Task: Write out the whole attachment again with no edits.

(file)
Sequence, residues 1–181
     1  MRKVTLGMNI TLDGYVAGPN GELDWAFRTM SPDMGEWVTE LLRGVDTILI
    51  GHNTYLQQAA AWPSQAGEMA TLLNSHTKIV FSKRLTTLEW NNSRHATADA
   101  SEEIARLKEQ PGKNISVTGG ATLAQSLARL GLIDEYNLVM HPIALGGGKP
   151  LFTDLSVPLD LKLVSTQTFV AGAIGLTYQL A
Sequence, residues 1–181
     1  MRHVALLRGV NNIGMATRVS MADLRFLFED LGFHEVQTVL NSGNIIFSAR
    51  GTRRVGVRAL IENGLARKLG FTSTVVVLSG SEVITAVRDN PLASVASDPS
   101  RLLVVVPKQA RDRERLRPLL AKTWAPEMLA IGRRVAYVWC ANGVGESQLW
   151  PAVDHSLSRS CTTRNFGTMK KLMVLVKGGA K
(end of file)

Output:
Sequence, residues 1–181
     1  MRKVTLGMNI TLDGYVAGPN GELDWAFRTM SPDMGEWVTE LLRGVDTILI
    51  GHNTYLQQAA AWPSQAGEMA TLLNSHTKIV FSKRLTTLEW NNSRHATADA
   101  SEEIARLKEQ PGKNISVTGG ATLAQSLARL GLIDEYNLVM HPIALGGGKP
   151  LFTDLSVPLD LKLVSTQTFV AGAIGLTYQL A
Sequence, residues 1–181
     1  MRHVALLRGV NNIGMATRVS MADLRFLFED LGFHEVQTVL NSGNIIFSAR
    51  GTRRVGVRAL IENGLARKLG FTSTVVVLSG SEVITAVRDN PLASVASDPS
   101  RLLVVVPKQA RDRERLRPLL AKTWAPEMLA IGRRVAYVWC ANGVGESQLW
   151  PAVDHSLSRS CTTRNFGTMK KLMVLVKGGA K